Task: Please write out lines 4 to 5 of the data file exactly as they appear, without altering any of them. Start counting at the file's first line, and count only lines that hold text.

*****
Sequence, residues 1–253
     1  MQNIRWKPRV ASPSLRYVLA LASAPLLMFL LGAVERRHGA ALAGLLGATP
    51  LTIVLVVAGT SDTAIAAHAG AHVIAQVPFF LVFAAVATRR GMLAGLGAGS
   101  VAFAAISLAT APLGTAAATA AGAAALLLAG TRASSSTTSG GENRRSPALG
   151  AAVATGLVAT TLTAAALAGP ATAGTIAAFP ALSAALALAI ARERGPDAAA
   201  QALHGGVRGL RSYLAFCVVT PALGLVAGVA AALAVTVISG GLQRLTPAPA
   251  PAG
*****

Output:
   101  VAFAAISLAT APLGTAAATA AGAAALLLAG TRASSSTTSG GENRRSPALG
   151  AAVATGLVAT TLTAAALAGP ATAGTIAAFP ALSAALALAI ARERGPDAAA